Sun Myung Moon, the late 20th century Korean evangelist whose Unification Church once claimed over 3 million members worldwide, was a figure dogged by controversy throughout his entire life. Born in occupied North Korea in 1920, Moon developed strong anti-Communist views as an adult and founded the Unification Church in Seoul, South Korea, so named on account of its mission to unify all the Christians in the world by practicing a newer, purer form of the religion.
Moon moved to the United States in 1972 and established the American headquarters of the Unification Church in New York City. During the 1970s and 1980s, Moon’s increasingly messianic claims and encouragement of highly-publicized mass weddings — consisting of thousands of brides and grooms taking vows at once — led many people to accuse his church of cult-like behavior. Moon also attracted criticism for his many secretive commercial ventures and investments outside of his church, which frequently used shell companies and multiple bank accounts that were difficult to track.
It was Moon’s business practices that finally landed him in trouble with the law: In October 1981, Moon was charged with 12 counts of federal tax evasion after failing to report over $150,000 of income in one of his many bank accounts. After the charges were announced, Moon publicly accused the federal government of fabricating a conspiracy to force him out of the country, and declared “I would not be standing here today if my skin were white and my religion were Presbyterian… I am here today only because my skin is yellow and my religion is Unification Church.” Nevertheless, after being convicted of tax fraud and conspiracy to obstruct justice, Sun Myung Moon surrendered himself to federal authorities in Danbury, Connecticut on July 20, 1984. There, he served thirteen months of what was originally an eighteen-month prison sentence. After his release, Moon remained in the United States until the last decades of his life (he passed away in South Korea in 2012) and continued to invest in real estate, communications companies, and other businesses — including bailing out the privately-owned and financially-struggling University of Bridgeport in the 1990s.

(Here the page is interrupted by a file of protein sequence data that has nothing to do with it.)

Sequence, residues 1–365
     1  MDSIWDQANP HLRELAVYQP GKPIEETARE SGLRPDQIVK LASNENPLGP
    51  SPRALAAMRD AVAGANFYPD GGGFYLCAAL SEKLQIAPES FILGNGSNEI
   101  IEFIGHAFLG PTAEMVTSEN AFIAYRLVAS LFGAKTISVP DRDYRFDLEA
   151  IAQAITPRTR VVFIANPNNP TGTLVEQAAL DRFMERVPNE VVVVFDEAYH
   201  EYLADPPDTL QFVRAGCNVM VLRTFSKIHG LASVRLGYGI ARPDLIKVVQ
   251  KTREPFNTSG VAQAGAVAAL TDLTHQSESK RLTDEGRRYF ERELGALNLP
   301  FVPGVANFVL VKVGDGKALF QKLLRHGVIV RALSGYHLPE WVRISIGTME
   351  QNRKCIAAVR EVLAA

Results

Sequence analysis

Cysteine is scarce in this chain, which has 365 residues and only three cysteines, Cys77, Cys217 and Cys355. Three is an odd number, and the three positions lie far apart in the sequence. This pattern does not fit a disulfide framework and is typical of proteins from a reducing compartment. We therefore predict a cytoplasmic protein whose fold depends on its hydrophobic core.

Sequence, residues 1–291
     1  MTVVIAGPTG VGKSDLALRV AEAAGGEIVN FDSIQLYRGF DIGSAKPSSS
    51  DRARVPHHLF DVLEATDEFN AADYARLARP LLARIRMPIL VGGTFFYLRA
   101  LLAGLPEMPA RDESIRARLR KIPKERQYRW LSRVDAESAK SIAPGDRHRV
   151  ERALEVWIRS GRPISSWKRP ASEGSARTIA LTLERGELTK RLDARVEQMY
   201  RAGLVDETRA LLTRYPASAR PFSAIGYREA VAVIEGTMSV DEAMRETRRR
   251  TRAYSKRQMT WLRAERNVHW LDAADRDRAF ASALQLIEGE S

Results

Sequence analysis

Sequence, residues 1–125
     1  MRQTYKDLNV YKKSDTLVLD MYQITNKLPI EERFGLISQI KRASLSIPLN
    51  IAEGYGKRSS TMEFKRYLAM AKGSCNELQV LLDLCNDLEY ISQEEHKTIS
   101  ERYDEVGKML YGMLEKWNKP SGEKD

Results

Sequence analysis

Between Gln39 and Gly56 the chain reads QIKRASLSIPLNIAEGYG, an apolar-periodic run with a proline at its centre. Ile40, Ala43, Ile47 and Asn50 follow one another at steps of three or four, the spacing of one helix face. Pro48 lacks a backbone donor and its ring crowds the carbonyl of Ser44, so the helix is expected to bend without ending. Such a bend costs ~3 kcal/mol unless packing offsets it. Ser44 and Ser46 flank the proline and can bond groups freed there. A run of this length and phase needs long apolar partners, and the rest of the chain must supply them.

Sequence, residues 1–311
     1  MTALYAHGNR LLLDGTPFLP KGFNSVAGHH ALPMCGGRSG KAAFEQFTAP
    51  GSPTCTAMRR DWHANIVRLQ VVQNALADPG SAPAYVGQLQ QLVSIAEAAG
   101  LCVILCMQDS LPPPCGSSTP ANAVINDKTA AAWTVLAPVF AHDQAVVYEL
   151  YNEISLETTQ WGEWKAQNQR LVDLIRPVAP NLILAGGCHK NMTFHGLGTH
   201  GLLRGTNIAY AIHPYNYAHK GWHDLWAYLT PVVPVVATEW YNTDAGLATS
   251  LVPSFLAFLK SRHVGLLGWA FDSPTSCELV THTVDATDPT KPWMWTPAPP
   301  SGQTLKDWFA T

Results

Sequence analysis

Daniel J. Wakin, “Rev. Sun Myung Moon, Self-Proclaimed Messiah Who Built Religious Movement,” New York Times